Tools, Apps and Gadgets
I Lost My iPhone
Pure and all-encompassing panic set in when I lost my iPhone. What kind of monster am I?
I went for a three-mile walk in the neighborhood, and when I got back into my yard I didn’t feel the familiar heaviness in the pocket of my jacket. It took a few seconds for the concept of iPhone MIA to travel up to my brain, jump across synapses and formulate a plan of action. It was as if I was operating on a ten second delay. The plan of action it came up with? Panic.
Why isn’t it in my pocket?! Where is it?! What should I do?! Did I even have it to begin with?! Should I call someone?! Oh, that’s right, I can’t! I HAVE NO PHONE!
My gastrointestinal tract turned on itself, in that way it had when I lost sight of my then seven-year-old son, Angus, at the zoo. I had panicked then too — my mind spun several worst case scenarios into a category-five parental disaster that I would forever replay over and over and over, becoming more negligent with every replay. But then, blue skies and rainbows broke through the storm of guilt when I saw Angus walking hand in hand with Uncle Randy, conveniently a zookeeper.
When had my iPhone become as precious to me as my child? I’d save that analysis for later. Right now, I had to find it, or at least try. I grabbed my bike and became one of those people I hate — an adult who rides a bicycle on the sidewalk. I stopped people. Asked them if they might have seen a phone laying in a gutter? On the grass? In an alley? No, they said. They felt bad for me, they said. They were glad they weren’t me.
“Bummer,” said my across-the-alley neighbor, Victor. “And you tried to find it?”
“Of course I tried to find it!” I blurted out, practically in tears. Precious seconds ticked by. My brain defaulted to a mental movie of my defenseless phone being defiled in some drug den by teenage Russian hackers who were depleting the contents of my checking account — all $27.16!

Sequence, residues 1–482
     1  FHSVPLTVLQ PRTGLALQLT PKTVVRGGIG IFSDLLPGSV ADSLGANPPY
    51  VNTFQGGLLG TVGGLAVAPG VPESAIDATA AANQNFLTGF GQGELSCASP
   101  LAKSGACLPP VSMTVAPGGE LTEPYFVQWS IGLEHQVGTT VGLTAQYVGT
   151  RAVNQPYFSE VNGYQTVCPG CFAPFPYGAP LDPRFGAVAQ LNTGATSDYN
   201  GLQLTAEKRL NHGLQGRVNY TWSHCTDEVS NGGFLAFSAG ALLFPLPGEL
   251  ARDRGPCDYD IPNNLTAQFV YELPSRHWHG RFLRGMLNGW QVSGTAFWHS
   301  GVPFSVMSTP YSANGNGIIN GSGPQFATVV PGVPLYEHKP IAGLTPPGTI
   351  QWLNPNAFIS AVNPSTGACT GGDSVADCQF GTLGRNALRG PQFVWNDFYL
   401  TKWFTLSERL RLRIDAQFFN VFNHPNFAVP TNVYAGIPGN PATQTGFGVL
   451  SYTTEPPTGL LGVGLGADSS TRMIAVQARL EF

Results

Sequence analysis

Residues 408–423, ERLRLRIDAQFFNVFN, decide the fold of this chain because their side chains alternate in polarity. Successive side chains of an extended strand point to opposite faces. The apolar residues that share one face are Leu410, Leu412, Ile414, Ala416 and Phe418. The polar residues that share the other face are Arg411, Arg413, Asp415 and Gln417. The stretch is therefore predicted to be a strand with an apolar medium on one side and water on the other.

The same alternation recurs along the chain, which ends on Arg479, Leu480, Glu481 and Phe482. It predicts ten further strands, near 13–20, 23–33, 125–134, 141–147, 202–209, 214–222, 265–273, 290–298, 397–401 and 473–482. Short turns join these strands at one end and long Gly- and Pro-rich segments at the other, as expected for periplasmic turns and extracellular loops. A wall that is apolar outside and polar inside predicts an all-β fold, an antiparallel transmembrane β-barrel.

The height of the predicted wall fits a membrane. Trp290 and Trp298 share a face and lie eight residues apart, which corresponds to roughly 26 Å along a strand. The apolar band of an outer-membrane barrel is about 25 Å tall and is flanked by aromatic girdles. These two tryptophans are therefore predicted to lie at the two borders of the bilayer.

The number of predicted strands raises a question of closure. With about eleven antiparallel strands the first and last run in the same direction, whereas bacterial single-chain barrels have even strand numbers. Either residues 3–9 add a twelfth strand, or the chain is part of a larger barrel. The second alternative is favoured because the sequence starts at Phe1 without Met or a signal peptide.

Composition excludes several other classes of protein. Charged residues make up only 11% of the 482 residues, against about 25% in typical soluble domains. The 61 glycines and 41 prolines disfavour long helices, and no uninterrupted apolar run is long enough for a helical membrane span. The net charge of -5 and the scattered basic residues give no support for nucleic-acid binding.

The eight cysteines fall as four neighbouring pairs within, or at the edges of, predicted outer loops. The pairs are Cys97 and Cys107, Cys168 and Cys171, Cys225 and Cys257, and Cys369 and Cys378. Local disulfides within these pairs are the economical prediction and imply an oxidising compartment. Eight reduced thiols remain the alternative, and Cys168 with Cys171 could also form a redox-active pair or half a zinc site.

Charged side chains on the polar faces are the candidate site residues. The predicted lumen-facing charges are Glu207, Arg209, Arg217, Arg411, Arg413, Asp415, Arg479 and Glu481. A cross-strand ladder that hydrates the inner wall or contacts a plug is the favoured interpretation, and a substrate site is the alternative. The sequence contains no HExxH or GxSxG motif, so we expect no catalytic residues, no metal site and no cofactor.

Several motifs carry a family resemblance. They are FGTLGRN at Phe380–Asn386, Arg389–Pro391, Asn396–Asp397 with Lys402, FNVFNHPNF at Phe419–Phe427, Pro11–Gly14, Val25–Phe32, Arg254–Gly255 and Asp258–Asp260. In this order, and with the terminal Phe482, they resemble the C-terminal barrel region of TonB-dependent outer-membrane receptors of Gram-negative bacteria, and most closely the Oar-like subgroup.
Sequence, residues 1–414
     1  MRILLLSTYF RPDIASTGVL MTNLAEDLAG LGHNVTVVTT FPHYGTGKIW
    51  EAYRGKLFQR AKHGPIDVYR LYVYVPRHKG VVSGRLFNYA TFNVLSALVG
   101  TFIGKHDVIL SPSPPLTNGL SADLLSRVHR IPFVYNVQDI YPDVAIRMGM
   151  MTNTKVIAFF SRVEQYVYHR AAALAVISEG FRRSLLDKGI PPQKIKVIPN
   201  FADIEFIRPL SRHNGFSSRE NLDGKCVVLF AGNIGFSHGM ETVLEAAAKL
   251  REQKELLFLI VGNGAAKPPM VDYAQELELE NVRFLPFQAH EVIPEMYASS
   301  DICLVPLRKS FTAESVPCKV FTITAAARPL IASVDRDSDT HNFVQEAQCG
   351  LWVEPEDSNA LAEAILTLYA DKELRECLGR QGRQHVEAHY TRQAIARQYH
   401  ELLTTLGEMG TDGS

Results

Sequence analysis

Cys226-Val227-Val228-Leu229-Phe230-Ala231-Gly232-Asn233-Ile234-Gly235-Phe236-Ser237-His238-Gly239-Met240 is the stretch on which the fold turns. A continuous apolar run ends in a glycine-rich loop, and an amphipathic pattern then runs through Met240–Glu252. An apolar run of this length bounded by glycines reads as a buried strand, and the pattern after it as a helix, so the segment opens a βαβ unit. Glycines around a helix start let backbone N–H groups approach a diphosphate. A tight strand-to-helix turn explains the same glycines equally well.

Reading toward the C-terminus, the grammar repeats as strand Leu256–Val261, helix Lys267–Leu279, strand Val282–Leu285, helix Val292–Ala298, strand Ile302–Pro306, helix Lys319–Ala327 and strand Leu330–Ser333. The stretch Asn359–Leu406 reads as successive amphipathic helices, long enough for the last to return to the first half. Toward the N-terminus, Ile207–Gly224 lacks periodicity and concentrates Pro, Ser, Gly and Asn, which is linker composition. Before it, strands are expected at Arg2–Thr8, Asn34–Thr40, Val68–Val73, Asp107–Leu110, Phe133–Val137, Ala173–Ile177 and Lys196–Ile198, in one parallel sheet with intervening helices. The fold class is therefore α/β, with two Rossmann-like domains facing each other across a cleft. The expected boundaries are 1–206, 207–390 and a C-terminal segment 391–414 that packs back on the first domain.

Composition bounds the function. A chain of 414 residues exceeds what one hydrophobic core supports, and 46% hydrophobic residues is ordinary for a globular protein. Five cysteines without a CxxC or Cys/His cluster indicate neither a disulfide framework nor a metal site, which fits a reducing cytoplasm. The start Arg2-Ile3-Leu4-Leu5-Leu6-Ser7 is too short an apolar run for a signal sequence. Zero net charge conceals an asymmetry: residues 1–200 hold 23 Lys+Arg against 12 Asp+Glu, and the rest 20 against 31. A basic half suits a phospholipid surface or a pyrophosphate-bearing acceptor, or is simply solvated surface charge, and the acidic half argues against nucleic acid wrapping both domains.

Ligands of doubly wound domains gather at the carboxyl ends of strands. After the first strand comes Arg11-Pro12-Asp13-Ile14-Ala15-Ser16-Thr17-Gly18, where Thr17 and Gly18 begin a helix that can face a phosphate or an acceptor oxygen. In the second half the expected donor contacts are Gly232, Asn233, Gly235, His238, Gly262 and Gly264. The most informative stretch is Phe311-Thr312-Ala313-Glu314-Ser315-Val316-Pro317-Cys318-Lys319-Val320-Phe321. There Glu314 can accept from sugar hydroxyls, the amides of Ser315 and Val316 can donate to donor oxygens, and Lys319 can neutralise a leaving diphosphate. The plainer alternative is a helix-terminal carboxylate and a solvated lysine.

“No, I mean, like an app. On your computer.”
I ran upstairs and turned on my computer. I knew I had an app, but I didn’t know what the icon looked like, so I had to waste more time doing an internet search, and then finally…
I saw a gray dot representing my phone. It was static. A few blocks away.
Okay, so it wasn’t in a car. It wasn’t moving. It should still be there. Maybe I had missed it on my initial ride because it was buried in a shallow grave of litter?
But even when I went out again, I couldn’t find it. I ran back home. Checked the map on my computer. The gray dot was still there. Still not moving. But I’d been standing where the dot was. Why didn’t I see any phone?
Because it was inside a house.
The map on which the gray dot was pulsating did not list any addresses. Only street names and numbers. So I had to transpose it onto another map, then triangulate the address based on landmarks: the boarded-up corner store, then the alley, then one, two, three houses in, on the southwest side. I grabbed my bike. Did a quick ride by. The house had bars on the windows. The front door boasted a This House Protected by Smith and Wesson sign. I told this to Victor, who was still in the alley, washing his car.